We found two significant sex × SNP × context and two significant age × SNP × context interactions, as well as a significant two-way interaction between SNP and context. The -213A/G SNP showed a significant three-way interaction with age and context (F2,464 = 3.151, p = 0.044), the -94T/C SNP with sex and context (F4,464 = 3.174, p = 0.014), and the -74C/G with both age and context and sex and context (F4,464 = 3.798, p = 0.005; F4,464 = 2.427, p = 0.047, respectively). The rs8679682 SNP had no interaction with sex or age, but we found a two-way interaction with context (F2,464 = 4.361, p = 0.013): the difference between this SNP’s genotypes was larger in the Greeting during separation context than in the other two contexts. To further explore and interpret the three-way interactions, we also analyzed the three contexts separately using general linear models (GLM), including the four SNPs, sex, age, and all age × SNP and sex × SNP interactions. Pairwise contrast was used for post hoc tests for main effects and sex interactions; the significant age interactions were interpreted by investigating the effect of age in the different genotypes separately.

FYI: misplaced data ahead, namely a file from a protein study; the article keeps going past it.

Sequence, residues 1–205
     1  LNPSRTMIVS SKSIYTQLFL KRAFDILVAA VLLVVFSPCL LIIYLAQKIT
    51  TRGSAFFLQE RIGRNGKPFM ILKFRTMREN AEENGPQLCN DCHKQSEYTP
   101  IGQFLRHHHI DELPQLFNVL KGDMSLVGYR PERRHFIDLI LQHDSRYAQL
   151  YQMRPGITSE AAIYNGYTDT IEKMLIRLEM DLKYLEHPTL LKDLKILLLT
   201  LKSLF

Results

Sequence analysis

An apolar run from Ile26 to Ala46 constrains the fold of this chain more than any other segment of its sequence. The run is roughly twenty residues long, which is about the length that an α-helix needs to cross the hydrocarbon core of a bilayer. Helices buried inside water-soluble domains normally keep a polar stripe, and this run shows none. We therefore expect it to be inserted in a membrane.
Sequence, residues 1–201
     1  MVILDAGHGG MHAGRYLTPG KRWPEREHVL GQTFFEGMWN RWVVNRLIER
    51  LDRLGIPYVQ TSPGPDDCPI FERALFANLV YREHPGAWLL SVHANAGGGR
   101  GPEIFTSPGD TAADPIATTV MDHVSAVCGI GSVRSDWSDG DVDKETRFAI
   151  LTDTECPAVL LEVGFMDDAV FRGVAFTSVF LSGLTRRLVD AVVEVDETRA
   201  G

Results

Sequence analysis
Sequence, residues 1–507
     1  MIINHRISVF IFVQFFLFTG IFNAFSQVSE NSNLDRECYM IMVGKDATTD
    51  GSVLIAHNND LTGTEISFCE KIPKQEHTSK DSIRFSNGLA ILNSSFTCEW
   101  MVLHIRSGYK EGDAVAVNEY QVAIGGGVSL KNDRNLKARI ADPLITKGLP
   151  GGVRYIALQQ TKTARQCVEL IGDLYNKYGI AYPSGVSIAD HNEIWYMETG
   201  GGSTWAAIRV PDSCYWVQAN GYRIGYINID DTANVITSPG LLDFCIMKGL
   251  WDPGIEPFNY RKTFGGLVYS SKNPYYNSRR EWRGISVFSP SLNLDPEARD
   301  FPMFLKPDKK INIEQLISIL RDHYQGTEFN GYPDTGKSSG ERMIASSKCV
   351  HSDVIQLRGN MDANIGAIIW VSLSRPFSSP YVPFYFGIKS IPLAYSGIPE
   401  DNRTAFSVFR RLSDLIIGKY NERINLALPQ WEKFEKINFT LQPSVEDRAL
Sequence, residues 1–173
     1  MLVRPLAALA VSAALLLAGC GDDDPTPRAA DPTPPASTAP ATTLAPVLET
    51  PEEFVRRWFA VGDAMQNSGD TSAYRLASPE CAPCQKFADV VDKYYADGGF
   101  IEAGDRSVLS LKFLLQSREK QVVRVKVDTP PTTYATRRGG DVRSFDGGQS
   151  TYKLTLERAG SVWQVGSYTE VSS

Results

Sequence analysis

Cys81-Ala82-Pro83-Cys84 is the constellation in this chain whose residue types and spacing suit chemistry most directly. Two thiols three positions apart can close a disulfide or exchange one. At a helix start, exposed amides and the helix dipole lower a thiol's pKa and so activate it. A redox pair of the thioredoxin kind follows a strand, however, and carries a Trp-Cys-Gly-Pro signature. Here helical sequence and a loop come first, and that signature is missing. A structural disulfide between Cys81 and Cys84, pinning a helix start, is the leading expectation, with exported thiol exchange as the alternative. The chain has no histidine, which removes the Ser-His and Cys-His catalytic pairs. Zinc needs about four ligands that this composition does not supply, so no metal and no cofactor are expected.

Greeting during First Encounter
TABLE 5. The effects of dog OXTR polymorphisms and dog characteristics on behavior in the Greeting during first encounter context.
FIGURE 2. Associations between the OXTR SNPs and the behavior score in the Greeting during first encounter. (A) Dogs carrying the C allele in the rs8679682 SNP greeted the experimenter more than dogs with TT genotype. (B) Older dogs carrying the A allele in the -213A/G SNP greeted the experimenter less than younger dogs, while no age effect was found in GG genotype.
Greeting during Separation
We found significant main effects of the -213A/G and rs8679682 SNPs (Partial η2 = 0.030 and 0.076, respectively), and significant sex interactions of the -94T/C and -74C/G SNPs (Partial η2 = 0.060 and 0.054, respectively) (Table 6a and Figure 3).
TABLE 6. The effects of dog OXTR polymorphisms and dog characteristics on behavior in the Greeting during separation context.